S. Ashiboe-Mensah et al. http://dx.doi.org/10.1016/j.ijfoodmicro.2013.10.001 [15] Jakobsen, L., Kurbasic, A., Skjøt-Rasmussen, L., Ejrnaes, K., Porsbo, L.J., Pedersen, K., Jensen, L.B., Emborg, H.D., Agersø, Y., Olsen, K.E., Aarestrup, F.M., Frimodt-Møller, N. and Hammerum, A.M. (2010) Escherichia coli Isolates from Broiler Chicken Meat, Broiler Chickens, Pork, and Pigs Share Phylogroups and Antimicrobial Resistance with Community-Dwelling Humans and Patients with Urinary Tract Infection. Foodborne Pathogens and Disease, 7, 537-547. http://dx.doi.org/10.1089/fpd.2009.0409 [16] Ventola, C.L (2015) The Antibiotic Resistance Crisis: Part 1—Causes and Threats. Pharmacy and Therapeutics, 40, 277-283. [17] Hanson, N.D., Thomson, K.S., Moland, E.S., Sanders, C.C., Berthold, G. and Penn, R.G (1999) Molecular Characterization of a Multiply Resistant Klebsiella pneumoniae Encoding ESBLs and a Plasmid-Mediated AmpC. Journal of Antimicrobial Chemotherapy, 44, 377380. http://dx.doi.org/10.1093/jac/44.3.377 [18] Kumarasamy, K.K., Toleman, M.A., Walsh, T.R., Bagaria, J., Butt, F., Balakrishnan, R., Chaudhary, U., Doumith, M., et al. (2010) Emergence of a New Antibiotic Resistance Mechanism in India, Pakistan, and the UK: A Molecular, Biological, and Epidemiological Study. Lancet Infectious Diseases, 10, 597-602. http://dx.doi.org/10.1016/S1473-3099(10)70143-2 [19] Doi, Y., Paterson, D.L., Egea, P., Pascual, A., López-Cerero, L., Navarro, M.D., AdamsHaduch, J.M., Qureshi, Z.A., Sidjabat, H.E. and Rodríguez-Baño, J. (2010) Extended-Spectrum and CMY-Type Beta-Lactamase-Producing Escherichia coli in Clinical Samples and Retail Meat from Pittsburgh, USA and Seville, Spain. Clinical Microbiology and Infection, 16, 33-38. http://dx.doi.org/10.1111/j.1469-0691.2009.03001.x [20] Nandanwar, N., Janssen, T., Kühl, M., Ahmed, N., Ewers, C. and Wieler, L.H. (2014) Extraintestinal Pathogenic Escherichia coli (ExPEC) of Human and Avian Origin Belonging to Sequence Type Complex 95 (STC95) Portray Indistinguishable Virulence Features. International Journal of Medical Microbiology, 304, 835-842. http://dx.doi.org/10.1016/j.ijmm.2014.06.009 [21] Cherian, B.P., Singh, N., Charles, W. and Prabhakar, P. (1999) Extended Spectrum β-Lactamase Producing Salmonella enteritidis in Trinidad & Tobago. Emerging Infectious Diseases, 5, 181-182. http://dx.doi.org/10.3201/eid0501.990128 [22] Akpaka, P.E. and Swanston, W.H. (2008) Phenotypic Detection and Occurrence of Extended-Spectrum Beta-Lactamases in Clinical Isolates of Klebsiella pneumoniae and Escherichia coli at a Tertiary Hospital in Trinidad & Tobago. Brazilian Journal of Infectious Diseases, 12, 516-520. http://dx.doi.org/10.1590/S1413-86702008000600014 [23] Akpaka, P.E., Legall, B. and Padman, J. (2010) Molecular Detection and Epidemiology of Extended-Spectrum Beta-Lactamase Genes Prevalent in Clinical Isolates of Klebsiella pneumoniae and E. coli from Trinidad and Tobago. West Indian Medical Journal, 59, 591596. [24] Nataro, J.P., Bopp, C.A., Fields, P.I., Kaper, J.B. and Strockbine, N.A. (2007) Escherichia, Shigella and Salmonella. Manual of Clinical Microbiology. 9th Edition, SM Press, Washington DC, 670-687. [25] Clinical and Laboratory Standards Institute (2014) Performance Standards for Antimicrobial Susceptibility Testing. 21st Informational Supplement, M100-S24, Clinical and Laboratory Standards Institute, Wayne. [26] Kissoon, S., Akpaka, P.E. and Swanston, W.H. (2015) Vancomycin Resistant Enterococci Infections in Trinidad and Tobago. British Microbiology Research Journal, 9, 20-28. http://dx.doi.org/10.9734/BMRJ/2015/18531 155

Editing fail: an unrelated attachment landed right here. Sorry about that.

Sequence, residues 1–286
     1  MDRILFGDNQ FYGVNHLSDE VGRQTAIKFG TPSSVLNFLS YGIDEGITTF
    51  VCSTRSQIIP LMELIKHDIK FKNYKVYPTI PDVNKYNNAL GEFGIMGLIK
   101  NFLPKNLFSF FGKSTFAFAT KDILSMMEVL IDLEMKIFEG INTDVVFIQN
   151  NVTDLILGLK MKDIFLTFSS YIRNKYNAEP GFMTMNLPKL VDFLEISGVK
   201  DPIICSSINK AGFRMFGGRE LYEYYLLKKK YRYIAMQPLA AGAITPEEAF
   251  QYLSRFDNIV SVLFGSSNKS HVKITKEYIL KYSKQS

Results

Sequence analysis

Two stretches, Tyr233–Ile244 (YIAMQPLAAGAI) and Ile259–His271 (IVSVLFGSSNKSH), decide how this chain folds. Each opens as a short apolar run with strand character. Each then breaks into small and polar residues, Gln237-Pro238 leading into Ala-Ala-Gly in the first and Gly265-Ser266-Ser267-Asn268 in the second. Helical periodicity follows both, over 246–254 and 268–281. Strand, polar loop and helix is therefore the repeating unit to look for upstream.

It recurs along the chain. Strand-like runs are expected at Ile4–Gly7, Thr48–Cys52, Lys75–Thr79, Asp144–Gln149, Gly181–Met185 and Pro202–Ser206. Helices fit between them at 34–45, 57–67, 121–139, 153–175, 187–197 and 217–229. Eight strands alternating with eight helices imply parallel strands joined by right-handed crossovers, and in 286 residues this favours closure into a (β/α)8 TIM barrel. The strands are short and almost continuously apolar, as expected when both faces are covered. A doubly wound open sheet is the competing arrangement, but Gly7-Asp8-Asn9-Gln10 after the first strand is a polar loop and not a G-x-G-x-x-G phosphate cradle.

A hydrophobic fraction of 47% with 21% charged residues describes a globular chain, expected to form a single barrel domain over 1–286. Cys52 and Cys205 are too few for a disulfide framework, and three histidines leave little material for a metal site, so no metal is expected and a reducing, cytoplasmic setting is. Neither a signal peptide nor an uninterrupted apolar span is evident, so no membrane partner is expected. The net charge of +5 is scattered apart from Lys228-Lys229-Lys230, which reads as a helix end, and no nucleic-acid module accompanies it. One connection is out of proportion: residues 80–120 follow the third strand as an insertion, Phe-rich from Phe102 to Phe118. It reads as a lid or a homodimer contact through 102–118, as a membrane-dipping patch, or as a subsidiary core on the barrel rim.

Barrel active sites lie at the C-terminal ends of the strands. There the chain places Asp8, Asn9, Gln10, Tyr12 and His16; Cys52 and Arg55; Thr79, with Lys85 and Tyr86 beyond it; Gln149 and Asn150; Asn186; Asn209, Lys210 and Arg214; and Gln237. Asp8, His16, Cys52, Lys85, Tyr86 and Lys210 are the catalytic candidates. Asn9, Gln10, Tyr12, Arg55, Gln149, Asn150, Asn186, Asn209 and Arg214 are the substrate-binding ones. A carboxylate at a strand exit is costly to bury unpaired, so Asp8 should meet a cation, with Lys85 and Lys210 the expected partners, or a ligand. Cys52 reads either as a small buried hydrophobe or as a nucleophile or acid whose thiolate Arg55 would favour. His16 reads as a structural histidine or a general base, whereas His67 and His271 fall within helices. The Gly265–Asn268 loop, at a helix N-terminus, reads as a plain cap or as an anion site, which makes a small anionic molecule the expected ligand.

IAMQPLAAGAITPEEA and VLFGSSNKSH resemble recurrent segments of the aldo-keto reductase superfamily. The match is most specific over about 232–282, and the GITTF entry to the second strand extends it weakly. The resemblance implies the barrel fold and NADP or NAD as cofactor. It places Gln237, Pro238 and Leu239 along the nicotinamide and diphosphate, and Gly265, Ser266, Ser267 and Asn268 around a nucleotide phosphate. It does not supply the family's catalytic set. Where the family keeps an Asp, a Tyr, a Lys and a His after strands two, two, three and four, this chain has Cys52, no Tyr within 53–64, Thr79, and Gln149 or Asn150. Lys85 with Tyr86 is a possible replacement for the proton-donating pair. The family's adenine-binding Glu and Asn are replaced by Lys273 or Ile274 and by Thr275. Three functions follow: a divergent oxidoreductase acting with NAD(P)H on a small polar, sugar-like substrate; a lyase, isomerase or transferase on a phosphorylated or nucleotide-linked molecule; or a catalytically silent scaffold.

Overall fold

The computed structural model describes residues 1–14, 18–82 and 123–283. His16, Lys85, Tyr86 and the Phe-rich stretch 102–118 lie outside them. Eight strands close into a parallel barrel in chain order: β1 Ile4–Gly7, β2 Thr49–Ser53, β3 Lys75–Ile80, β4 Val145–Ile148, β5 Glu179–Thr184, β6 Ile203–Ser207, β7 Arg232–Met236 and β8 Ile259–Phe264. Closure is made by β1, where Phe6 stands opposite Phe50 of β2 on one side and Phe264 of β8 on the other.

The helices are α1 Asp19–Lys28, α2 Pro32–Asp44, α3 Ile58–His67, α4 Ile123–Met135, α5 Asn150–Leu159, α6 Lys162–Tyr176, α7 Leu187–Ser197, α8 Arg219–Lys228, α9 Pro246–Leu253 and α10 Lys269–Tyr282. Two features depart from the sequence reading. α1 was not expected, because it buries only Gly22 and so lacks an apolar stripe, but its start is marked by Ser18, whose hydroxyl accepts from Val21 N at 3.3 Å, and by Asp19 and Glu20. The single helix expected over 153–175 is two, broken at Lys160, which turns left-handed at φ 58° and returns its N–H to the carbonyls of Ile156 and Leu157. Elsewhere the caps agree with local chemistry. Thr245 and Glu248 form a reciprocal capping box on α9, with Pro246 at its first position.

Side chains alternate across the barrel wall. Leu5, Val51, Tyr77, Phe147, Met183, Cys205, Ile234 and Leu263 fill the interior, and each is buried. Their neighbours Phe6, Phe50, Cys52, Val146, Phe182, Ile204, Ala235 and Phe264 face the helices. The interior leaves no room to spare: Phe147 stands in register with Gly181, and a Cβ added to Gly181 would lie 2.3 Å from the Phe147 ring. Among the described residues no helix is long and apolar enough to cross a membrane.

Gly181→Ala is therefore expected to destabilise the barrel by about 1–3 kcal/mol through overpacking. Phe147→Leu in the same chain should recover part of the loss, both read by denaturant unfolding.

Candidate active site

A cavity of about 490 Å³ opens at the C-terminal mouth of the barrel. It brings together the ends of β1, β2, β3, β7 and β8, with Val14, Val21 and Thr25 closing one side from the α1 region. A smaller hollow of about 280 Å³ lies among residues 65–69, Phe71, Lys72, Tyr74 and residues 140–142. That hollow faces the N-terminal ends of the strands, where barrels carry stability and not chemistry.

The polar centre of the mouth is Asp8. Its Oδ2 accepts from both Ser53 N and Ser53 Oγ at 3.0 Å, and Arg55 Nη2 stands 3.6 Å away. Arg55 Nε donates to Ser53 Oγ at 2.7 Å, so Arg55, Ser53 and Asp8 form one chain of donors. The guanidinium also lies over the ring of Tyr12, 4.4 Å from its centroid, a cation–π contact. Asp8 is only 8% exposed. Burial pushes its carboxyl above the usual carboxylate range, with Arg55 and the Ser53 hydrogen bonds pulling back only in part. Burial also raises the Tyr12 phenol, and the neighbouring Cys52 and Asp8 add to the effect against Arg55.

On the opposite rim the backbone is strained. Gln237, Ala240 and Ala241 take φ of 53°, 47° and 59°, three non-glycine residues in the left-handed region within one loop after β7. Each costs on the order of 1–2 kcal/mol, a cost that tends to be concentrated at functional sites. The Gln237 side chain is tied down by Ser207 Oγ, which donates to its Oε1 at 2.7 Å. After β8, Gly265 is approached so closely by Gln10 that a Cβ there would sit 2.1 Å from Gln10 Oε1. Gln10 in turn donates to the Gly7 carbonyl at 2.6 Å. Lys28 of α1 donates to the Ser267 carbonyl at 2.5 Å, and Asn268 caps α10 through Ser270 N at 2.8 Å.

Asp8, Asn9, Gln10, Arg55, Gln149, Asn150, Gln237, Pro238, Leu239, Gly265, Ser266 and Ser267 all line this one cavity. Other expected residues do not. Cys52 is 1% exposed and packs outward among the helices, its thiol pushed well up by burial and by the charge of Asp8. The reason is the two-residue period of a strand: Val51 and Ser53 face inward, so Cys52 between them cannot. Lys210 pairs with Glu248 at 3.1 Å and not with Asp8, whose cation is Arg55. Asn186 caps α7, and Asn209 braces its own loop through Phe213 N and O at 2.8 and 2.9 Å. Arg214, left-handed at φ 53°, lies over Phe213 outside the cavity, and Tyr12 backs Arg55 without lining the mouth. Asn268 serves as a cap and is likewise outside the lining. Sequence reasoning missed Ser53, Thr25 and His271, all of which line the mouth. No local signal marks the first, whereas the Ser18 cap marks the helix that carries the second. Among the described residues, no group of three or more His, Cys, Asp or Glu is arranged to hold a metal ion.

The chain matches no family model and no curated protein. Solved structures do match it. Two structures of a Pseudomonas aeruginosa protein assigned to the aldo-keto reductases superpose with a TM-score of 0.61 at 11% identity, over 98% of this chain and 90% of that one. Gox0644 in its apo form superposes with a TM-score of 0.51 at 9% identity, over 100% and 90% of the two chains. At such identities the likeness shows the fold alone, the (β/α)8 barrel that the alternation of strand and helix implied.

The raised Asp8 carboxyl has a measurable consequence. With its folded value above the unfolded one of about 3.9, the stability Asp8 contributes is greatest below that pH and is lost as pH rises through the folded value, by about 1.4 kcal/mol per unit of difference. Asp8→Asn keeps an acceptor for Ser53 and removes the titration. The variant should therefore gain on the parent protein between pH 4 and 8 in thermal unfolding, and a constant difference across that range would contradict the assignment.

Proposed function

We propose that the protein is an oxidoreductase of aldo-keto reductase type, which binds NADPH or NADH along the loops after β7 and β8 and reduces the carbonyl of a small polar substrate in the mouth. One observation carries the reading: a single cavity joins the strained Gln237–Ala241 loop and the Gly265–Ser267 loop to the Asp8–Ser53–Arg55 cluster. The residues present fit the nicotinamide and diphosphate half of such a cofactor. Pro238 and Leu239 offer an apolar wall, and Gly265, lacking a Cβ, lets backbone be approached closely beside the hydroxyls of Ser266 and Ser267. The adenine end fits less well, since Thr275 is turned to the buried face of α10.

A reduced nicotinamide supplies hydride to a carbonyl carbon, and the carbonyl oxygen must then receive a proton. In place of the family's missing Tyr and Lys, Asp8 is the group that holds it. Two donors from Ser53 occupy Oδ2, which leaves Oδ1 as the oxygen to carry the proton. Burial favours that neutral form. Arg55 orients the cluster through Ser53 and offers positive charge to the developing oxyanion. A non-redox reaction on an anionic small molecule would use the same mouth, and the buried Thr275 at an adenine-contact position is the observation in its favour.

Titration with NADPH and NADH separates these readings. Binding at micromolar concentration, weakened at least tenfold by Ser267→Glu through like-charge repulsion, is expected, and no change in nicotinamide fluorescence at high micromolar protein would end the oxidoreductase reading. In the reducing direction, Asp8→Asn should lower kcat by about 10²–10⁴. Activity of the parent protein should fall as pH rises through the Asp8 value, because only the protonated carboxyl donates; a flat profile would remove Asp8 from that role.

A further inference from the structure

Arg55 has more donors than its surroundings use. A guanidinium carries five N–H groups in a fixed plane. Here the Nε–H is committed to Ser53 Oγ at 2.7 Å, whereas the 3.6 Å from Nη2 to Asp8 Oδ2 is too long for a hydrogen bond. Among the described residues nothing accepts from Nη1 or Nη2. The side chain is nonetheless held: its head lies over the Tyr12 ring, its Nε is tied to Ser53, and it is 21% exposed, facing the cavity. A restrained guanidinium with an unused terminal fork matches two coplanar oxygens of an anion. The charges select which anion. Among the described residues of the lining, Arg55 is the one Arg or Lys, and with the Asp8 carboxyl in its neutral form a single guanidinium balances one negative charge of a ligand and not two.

S. Ashiboe-Mensah et al. [27] Wang, Y., Ho, T., Han, J., Wang, J., Foley, S.L., et al. (2012) Prevalence of ESBLs and PMQR Genes in Fecal Escherichia coli Isolated from the Non-Human Primates in Six Zoos in China. Veterinary Microbiology, 159, 53-59. http://dx.doi.org/10.1016/j.vetmic.2012.03.009 [28] Yuan, L., Liu, J.-H., Hu, G.-Z., Pan, Y.-S., Liu, Z.-M., Mo, J. and Wei, Y.-J. (2009) Molecular Characterization of Extended-Spectrum β-Lactamase-Producing Escherichia coli Isolates from Chickens in Henan Province, China. Journal of Medical Microbiology, 58, 1449-1453. http://dx.doi.org/10.1099/jmm.0.012229-0 [29] Smet, A., Martel, A., Persoons, D., Dewulf, J., Heyndrickx, M., Catry, B., Herman, L., Haesebrouck, F. and Butaye, P. (2008) Diversity of Extended-Spectrum β-Lactamases and Class C β-Lactamases among Cloacal Escherichia coli Isolates in Belgian Broiler Farms. Antimicrobial Agents and Chemotherapy, 52, 1238-1243. http://dx.doi.org/10.1128/AAC.01285-07 [30] Paterson, D.L. and Bonomo, R.A. (2005) Extended-Spectrum Beta Lactamases: A Clinical Update. Clinical Microbiology Reviews, 18, 657-686. http://dx.doi.org/10.1128/CMR.18.4.657-686.2005 [31] Woodford, N., Fagan, E.J. and Ellington, M.J. (2006) Multiplex PCR for Rapid Detection of Genes Encoding CTX-M Extended-Spectrum β-Lactamases. Journal of Antimicrobial Chemotherapy, 57, 154-155. http://dx.doi.org/10.1093/jac/dki412 [32] Kawamura, K., Goto, K., Nakane, K. and Arakawa, Y. (2014) Molecular Epidemiology of Extended-Spectrum β-Lacatamases and Escherichia coli Isolated from Retail Foods Including Chicken Meat in Japan. Foodborne Pathogens and Disease, 11, 104-110. http://dx.doi.org/10.1089/fpd.2013.1608 [33] Xi, M., Wu, Q., Wang, X., Yang, B., Xia, X. and Li, D. (2015) Characterization of ExtendedSpectrum β-Lactamase-Producing Escherichia coli Strains Isolated from Retail Foods in Shaanxi Province, China. Journal of Food Protection, 78, 1018-1023. http://dx.doi.org/10.4315/0362-028X.JFP-14-490 [34] Wang, Y., Tang, C., Yu, X., Xia, M. and Yue, H. (2010) Distribution of Serotypes and Virulence-Associated Genes in Pathogenic Escherichia coli Isolated from Ducks. Avian Pathology, 39, 297-302. http://dx.doi.org/10.1080/03079457.2010.495742 [35] Dierikx, C., van Essen-Zandbergen, A., Veldman, K., Smith, H. and Mevius, D. (2010) Increased Detection of Extended Spectrum Beta-Lactamase Producing Salmonella enterica and Escherichia coli Isolates from Poultry. Veterinary Microbiology, 145, 273-278. http://dx.doi.org/10.1016/j.vetmic.2010.03.019

156

Submit or recommend next manuscript to SCIRP and we will provide best service for you: Accepting pre-submission inquiries through Email, Facebook, LinkedIn, Twitter, etc. A wide selection of journals (inclusive of 9 subjects, more than 200 journals) Providing 24-hour high-quality service User-friendly online submission system Fair and swift peer-review system Efficient typesetting and proofreading procedure Display of the result of downloads and visits, as well as the number of cited articles Maximum dissemination of your research work

Submit your manuscript at: http://papersubmission.scirp.org/ Or contact [email protected]